• Spearman’s r=0.42 (n=106) but…
    • Do few data points drive correlation?
      • Total without the most extreme data points goes down to r=0.24
    • BL Lacs and FSRQ sample rather different regions
      • FSRQ: n=57, r=0.19
      • BL Lacs: n=42, r=0.49
  • Significance difficult to claim
    • issues of variability, extended radio emission, selection effects
  • see also
    • talk on OVRO monitoring data by J. Richards with MC simulations
    • MOJAVE paper by Kovalev et al. 2009

Abdo et al. (2009)

photon index vs radio luminosity

CenA

Photon index vs radio luminosity
  • Only sources with known redshift
    • K-corrected
  • different source classes in different regions
    • FSRQs: largest Lr, softer indices
    • BL Lacs: lower Lr, harder indices
    • RGs: 3C84 BL Lac-like, CenA well displaced

Abdo et al. (2009)

beyond the lbas
Beyond the LBAS
  • LBAS results were restricted to
    • 3 months of gamma-ray data
    • TS>100 (highest confidence gamma-ray sources)
  • Fermi continues its operation in survey mode with unique capabilities:
    • Sensitivity: include the weakest gamma-ray (and radio?) sources
    • Field of view: gather data from as large sky area as possible
    • Spectral range: collect and discuss soft (radio bright?) and hard (radio weak?) sources
  • In the 1 yr catalog under development from the LAT team, more than 1000 sources have been detected and characterized (see J. Ballet’s talk)
    • Huge amount of work for classification and associations (see S. Healey’s poster)
    • Several hundreds sources already classified – what does this sample look like in the radio?
radio luminosity
Radio luminosity
  • 7 orders of magnitude, hundreds of sources
  • FSRQ:
  • 44.2 +/- 0.7 [erg s-1]
  • BLLacs:
  • 42.2 +/- 1.2 [erg s-1]
  • BIMODAL?
    • BL Lac numbers are lower because many lack redshift

preliminary!

radio spectral index core dominance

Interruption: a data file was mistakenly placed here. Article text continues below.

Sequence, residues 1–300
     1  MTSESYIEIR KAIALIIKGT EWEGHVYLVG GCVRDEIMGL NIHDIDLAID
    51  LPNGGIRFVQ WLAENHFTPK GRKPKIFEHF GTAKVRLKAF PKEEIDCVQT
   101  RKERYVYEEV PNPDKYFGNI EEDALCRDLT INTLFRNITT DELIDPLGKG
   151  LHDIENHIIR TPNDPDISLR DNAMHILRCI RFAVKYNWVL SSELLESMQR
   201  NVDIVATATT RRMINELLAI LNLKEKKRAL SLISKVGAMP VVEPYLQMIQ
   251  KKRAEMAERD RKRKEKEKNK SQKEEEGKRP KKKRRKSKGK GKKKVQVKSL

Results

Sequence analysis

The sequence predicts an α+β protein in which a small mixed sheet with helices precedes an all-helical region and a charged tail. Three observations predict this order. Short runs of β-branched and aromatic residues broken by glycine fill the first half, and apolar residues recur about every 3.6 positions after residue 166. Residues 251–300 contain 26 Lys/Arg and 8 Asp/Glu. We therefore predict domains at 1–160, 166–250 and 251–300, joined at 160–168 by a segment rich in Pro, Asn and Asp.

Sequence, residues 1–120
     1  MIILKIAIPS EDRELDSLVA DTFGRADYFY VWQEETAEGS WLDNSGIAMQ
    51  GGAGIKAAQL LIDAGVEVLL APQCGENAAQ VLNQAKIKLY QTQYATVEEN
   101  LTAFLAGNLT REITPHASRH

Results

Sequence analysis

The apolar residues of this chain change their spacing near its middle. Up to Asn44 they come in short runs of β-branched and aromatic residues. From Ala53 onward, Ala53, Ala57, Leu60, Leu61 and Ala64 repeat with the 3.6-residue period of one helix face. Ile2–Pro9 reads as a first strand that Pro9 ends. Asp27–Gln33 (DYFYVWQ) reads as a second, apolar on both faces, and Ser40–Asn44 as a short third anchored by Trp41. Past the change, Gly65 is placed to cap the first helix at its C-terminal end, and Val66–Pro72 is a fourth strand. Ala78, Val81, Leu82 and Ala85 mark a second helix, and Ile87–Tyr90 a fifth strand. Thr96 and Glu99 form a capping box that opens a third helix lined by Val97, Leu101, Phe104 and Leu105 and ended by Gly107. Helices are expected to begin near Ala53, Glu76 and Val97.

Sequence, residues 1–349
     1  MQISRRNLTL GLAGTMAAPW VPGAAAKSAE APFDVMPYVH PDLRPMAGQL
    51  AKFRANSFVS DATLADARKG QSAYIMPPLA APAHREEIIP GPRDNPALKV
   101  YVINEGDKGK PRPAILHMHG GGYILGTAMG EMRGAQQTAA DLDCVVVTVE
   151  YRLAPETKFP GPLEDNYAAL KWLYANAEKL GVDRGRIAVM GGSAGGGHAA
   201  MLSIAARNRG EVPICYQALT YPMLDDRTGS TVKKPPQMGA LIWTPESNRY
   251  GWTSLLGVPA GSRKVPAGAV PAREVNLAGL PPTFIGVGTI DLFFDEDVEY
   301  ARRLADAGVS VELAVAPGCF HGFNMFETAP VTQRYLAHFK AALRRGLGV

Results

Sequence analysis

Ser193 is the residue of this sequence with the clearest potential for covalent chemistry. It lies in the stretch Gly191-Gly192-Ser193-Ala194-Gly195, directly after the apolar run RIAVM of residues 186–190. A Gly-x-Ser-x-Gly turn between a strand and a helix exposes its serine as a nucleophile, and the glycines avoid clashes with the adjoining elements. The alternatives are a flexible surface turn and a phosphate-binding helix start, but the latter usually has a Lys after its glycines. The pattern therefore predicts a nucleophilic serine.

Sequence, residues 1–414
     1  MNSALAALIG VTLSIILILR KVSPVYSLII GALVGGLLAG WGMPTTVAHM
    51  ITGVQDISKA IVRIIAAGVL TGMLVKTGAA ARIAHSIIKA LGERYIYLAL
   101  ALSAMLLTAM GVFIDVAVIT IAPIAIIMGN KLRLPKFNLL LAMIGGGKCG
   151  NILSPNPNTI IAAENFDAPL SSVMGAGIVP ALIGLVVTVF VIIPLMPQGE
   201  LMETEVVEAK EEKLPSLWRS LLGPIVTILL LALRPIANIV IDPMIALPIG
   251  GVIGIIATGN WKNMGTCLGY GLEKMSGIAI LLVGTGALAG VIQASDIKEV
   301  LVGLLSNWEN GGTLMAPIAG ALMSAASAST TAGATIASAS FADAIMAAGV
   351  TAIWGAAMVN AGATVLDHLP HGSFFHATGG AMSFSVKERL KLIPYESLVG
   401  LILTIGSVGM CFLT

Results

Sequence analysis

Radio spectral index/core dominance
  • FSRQs
  • BL Lacs
  • RGs
  • other

a=0.5

a=-0.5

M87

McConville

poster

CenA

Cheung

talk

preliminary!

  • Sources with radio data at
    • 1.4 GHz from NVSS: extended, optically thin radio emission
    • 8.4 GHz from CRATES/NED: nuclear, self-absorbed emission
  • Most sources with typical flat spectrum (<a> = 0.06+/-0.23)
  • However, a small but non negligible fraction has a>0.5
    • SSRS, talk by E. Cavazzuti
radio vs gamma ray fluxes
Radio vs gamma-ray fluxes

preliminary!

red: FSRQ

blue: BL Lacs

black: RGs

green: other

with more sources than in the LBAS, r=0.57

take home notes
Take home notes
  • The gamma-ray extragalactic sky remains dominated by radio loud AGN
  • Blazars are by far the largest population but some steep spectrum radio sources are there
  • Radio and gamma-ray fluxes span 4 magnitudes, it’s time for a rigorous assessment of significance of their correlation – or lack thereof
references
References
  • Abdo, A. A., Ackermann, M., Ajello, M., et al. 2009, ApJ, 700, 597
  • Bloom, S. D. 2008, AJ, 136, 1533
  • Donato, D., Ghisellini, G., Tagliaferri, G., & Fossati, G. 2001, A&A, 375, 739
  • Giovannini, G., Cotton, W. D., Feretti, et al. 2001, ApJ, 552, 508
  • Healey, S. E., Romani, R. W., Taylor, G. B., et al. 2007, ApJS, 171, 61
  • Kovalev, Y. Y., Aller, H. D., Aller, M. F., et al. 2009, ApJ, 696, L17
  • Massaro, E., Giommi, P., Leto, C., et al. 2009, A&A, 495, 691
  • Mücke, A., Pohl, M., Reich, P., et al. 1997, A&A, 320, 33
  • Taylor, G. B., Healey, S. E., Helmboldt, J. F., et al. 2007, ApJ, 671, 1355